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Sexual imprinting, which is the sexual preference for individuals possessing parental characteristics, has been a subject of study in nonhuman vertebrates for many years (see, e.g., Pfaus, Kippin, & Centeno, 2001, for a review). More recently, there has also been research showing evidence for sexual imprinting in humans. Several papers have suggested that opposite-sex parental phenotypes may be reflected in the idealised and actual mate choices made by both men and women (e.g., race: Jedlicka, 1980; parental age: Perrett et al., 2002, Wilson & Barrett, 1987; colouring: Little, Penton-Voak, Burt, & Perrett, 2003). So long as mechanisms exist to prevent inbreeding depression (e.g., the Westermarck effect, see Lieberman, Tooby, & Cosmides, 2003), it has long been considered that it may be adaptive to mate with those who bear some resemblance to ourselves and/or our family as this increases relatedness between parents and offspring and may preserve co-adapted gene complexes (see, e.g., Bateson, 1978, for a discussion of optimal outbreeding). More recently, it has been suggested that imprinting may serve to increase genetic compatibility between mates (Tregenza & Wedell, 2000) or to assist offspring in successfully finding a mate (by using their successfully mated parents as models; Todd & Miller, 1993). Alternatively, imprinting may be the result of learning, without any adaptive function. For instance, it may be that one side effect of developmental plasticity in the face processing regions of the brain is to bias beliefs about what makes a desirable face towards those faces seen most often in early development [i.e., the parents'; see, e.g., Perrett et al, 2002, for discussion; although Todd & Miller, 1993, claim, based on their modelling research, that imprinting is indeed adaptive].
Bereczkei et al. found further evidence to suggest that sexual imprinting in humans is not a passive process, but rather is moderated by the quality of the parent–child relationship in both males (Bereczkei, Gyuris, Koves, & Bernath, 2002) and females (Bereczkei, Gyuris, & Weisfeld, 2004). This may be adaptive because a partner who bears resemblance to a distant parent may be less likely to be a good parent himself/herself. There may also be an element of straightforward conditioning, with children who did not have good relationships with their parents developing an aversion to parental features and vice versa. Bereczkei et al. (2002) found that the resemblance between men's wives and their mothers was stronger if the men had had positive relationships with their mothers. Similarly, Bereczkei et al. (2004) found that the degree to which women's adoptive fathers bore resemblance to their husbands was significantly related to how well the women got on with their adoptive fathers. Importantly, this effect cannot be genetically mediated as the women were all adopted and, furthermore, cannot be influenced by any similarity between the daughters and adoptive fathers (perhaps brought about through environmental factors) because self–husband similarity was much weaker than father–husband similarity. It is possible, however, that those participants in the research of Bereczkei et al. who were judging resemblance between parents and spouses (by attempting to match the correct spouse, out of a group of 4, to the parent) used cues such as clothes, head position, and expression to match the in-laws, rather than any physiognomic features.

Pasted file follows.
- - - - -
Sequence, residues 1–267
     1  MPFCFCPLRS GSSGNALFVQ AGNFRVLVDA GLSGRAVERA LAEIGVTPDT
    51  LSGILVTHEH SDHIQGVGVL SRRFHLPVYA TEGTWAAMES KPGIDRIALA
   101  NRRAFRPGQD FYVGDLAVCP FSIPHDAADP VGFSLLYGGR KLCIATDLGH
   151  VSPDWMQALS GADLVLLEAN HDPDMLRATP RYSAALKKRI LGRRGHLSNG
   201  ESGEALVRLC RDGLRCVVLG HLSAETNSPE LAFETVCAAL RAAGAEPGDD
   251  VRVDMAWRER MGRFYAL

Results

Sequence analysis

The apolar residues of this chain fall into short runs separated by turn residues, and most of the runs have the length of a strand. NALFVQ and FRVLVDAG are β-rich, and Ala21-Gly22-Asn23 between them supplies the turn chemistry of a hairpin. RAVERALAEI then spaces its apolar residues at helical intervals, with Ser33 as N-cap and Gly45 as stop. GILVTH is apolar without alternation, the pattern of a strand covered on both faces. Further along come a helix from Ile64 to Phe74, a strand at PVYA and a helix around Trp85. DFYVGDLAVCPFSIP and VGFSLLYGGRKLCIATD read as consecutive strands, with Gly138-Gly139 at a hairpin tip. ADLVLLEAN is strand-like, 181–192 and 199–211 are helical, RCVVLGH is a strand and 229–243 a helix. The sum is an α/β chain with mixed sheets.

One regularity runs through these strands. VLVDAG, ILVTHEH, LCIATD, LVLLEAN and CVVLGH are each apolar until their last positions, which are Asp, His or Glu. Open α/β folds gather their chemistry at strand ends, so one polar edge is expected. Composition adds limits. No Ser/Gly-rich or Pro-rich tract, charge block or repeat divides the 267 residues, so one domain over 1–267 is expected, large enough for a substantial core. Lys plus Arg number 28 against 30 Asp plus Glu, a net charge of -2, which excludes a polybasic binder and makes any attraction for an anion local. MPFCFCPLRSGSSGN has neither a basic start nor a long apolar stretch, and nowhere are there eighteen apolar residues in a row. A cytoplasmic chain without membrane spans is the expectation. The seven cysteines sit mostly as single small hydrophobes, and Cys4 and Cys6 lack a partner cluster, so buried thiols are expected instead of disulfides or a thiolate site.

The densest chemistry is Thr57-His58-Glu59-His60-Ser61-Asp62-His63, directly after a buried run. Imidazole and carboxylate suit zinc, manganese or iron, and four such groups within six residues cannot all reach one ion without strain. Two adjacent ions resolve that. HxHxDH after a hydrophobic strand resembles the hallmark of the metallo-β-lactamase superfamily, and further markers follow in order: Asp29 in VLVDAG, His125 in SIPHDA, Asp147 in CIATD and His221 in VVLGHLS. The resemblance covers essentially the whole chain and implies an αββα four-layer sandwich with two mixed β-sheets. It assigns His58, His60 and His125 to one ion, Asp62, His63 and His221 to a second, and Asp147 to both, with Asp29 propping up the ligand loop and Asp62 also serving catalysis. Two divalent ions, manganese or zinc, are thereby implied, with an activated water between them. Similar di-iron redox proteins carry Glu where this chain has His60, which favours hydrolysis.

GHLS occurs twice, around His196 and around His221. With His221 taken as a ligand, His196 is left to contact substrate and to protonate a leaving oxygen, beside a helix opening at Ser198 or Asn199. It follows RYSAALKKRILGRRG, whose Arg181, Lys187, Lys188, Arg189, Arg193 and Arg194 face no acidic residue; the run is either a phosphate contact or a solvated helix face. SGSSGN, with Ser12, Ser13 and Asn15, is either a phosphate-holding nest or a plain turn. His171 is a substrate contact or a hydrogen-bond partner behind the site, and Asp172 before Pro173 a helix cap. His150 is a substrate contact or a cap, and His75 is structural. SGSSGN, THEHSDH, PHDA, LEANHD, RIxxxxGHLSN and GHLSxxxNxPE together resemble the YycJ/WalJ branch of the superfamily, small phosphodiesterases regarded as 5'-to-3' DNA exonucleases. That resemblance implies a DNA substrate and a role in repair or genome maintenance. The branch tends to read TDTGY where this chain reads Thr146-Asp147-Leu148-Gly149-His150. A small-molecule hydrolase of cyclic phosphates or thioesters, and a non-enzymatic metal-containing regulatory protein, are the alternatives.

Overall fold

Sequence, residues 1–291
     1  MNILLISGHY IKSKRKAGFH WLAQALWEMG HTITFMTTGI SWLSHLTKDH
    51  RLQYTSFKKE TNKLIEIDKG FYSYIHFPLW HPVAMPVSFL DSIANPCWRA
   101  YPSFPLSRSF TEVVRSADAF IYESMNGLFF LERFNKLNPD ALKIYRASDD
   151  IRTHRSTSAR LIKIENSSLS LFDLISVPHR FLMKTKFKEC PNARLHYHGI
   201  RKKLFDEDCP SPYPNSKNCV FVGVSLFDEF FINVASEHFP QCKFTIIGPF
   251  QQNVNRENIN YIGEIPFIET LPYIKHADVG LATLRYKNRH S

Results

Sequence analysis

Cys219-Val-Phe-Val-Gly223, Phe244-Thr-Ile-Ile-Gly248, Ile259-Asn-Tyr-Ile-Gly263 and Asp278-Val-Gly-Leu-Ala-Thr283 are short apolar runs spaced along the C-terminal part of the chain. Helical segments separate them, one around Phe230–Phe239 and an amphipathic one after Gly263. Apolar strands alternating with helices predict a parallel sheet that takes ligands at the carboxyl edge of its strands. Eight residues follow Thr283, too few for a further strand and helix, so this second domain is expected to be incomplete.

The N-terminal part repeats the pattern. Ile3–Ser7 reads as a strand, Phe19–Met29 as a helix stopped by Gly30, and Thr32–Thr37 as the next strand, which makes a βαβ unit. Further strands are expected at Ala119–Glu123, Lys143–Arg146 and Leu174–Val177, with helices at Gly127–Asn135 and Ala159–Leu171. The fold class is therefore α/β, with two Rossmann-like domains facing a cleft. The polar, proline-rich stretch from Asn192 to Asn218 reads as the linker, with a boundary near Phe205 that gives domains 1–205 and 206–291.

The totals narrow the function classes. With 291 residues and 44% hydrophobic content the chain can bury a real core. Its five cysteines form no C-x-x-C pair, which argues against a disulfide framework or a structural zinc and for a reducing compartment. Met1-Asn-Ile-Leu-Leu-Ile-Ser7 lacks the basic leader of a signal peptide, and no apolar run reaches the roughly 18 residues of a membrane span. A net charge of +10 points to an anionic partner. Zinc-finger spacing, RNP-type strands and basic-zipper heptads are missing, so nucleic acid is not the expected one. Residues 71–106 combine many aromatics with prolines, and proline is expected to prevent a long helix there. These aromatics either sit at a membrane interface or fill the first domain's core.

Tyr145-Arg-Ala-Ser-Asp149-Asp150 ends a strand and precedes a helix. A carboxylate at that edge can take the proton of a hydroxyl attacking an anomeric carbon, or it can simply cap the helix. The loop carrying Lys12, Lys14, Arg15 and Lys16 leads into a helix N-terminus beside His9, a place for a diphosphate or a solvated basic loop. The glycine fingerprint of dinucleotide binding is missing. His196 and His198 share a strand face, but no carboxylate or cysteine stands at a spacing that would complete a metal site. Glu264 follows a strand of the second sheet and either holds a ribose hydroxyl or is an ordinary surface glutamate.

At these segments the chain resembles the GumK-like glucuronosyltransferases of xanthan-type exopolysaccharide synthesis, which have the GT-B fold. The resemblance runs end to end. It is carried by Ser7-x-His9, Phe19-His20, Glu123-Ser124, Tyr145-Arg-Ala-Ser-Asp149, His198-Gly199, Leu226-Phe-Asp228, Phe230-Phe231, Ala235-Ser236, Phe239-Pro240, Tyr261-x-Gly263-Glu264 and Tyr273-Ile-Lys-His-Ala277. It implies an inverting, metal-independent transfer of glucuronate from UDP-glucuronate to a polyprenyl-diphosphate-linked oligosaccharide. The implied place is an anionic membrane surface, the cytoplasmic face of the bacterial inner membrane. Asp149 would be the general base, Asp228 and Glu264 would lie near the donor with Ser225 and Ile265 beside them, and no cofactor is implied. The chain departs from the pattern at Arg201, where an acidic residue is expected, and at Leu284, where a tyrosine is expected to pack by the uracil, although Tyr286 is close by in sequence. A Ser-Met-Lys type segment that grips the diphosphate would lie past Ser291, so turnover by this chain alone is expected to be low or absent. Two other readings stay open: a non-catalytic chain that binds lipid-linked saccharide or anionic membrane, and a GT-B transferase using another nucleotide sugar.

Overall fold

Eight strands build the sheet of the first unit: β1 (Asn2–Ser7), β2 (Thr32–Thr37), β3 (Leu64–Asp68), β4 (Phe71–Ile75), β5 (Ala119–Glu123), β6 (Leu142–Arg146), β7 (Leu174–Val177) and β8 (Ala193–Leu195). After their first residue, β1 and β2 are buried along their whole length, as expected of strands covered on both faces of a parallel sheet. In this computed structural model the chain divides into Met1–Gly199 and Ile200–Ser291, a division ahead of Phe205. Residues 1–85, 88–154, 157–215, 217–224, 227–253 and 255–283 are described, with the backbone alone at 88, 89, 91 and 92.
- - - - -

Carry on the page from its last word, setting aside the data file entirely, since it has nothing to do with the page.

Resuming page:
The aim of this study therefore was to investigate evidence of parental imprinting in women using facialmetric data. Doing so allows a clear view of how fathers' facial features relate directly to the features of faces their daughters find attractive.
Eighty-one women and their fathers were recruited from the community in and around Wroclaw, Poland. Five women were excluded because they only lived with their stepfather, while 7 were excluded because they failed to fully complete the study, leaving 69 women. To avoid pseudoreplication, where more than one sister volunteered for the study, only the eldest daughters were included, leaving a final sample of 49 women aged 15 to 34 (mean, 24.3±5.2).
2.2. Data collection: faces
Facial photographs were taken of 31 men. Of these, 6 were excluded because they had beards, while 9 were excluded because they were all very close to average in their facial proportions (all facial measurements were within 1 S.D. of the mean; see below). The remaining 16 faces were shown to 20 raters (10 male, aged 19–25 years) who assessed them for similarity. Only two faces were judged to be very similar (19/20 judges agreed) and so one of these two faces was removed at random. This left 15 stimuli representing a wide range of distinct faces that were used in this study. All facial stimuli were masked, such that ears, hair, and neck/shoulders were not visible.
2.2.2. Facial measurements